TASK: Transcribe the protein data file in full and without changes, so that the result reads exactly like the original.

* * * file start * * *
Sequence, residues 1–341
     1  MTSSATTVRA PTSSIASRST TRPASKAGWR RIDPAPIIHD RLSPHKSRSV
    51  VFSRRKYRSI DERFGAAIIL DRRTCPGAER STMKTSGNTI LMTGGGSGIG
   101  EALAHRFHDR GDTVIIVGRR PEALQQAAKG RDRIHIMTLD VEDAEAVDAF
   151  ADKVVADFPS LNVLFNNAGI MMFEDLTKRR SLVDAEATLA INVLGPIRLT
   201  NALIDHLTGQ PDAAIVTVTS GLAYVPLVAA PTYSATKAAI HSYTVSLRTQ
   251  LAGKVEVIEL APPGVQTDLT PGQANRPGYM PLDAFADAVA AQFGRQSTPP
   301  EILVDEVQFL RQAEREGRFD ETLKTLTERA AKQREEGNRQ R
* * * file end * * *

Sequence, residues 1–341
     1  MTSSATTVRA PTSSIASRST TRPASKAGWR RIDPAPIIHD RLSPHKSRSV
    51  VFSRRKYRSI DERFGAAIIL DRRTCPGAER STMKTSGNTI LMTGGGSGIG
   101  EALAHRFHDR GDTVIIVGRR PEALQQAAKG RDRIHIMTLD VEDAEAVDAF
   151  ADKVVADFPS LNVLFNNAGI MMFEDLTKRR SLVDAEATLA INVLGPIRLT
   201  NALIDHLTGQ PDAAIVTVTS GLAYVPLVAA PTYSATKAAI HSYTVSLRTQ
   251  LAGKVEVIEL APPGVQTDLT PGQANRPGYM PLDAFADAVA AQFGRQSTPP
   301  EILVDEVQFL RQAEREGRFD ETLKTLTERA AKQREEGNRQ R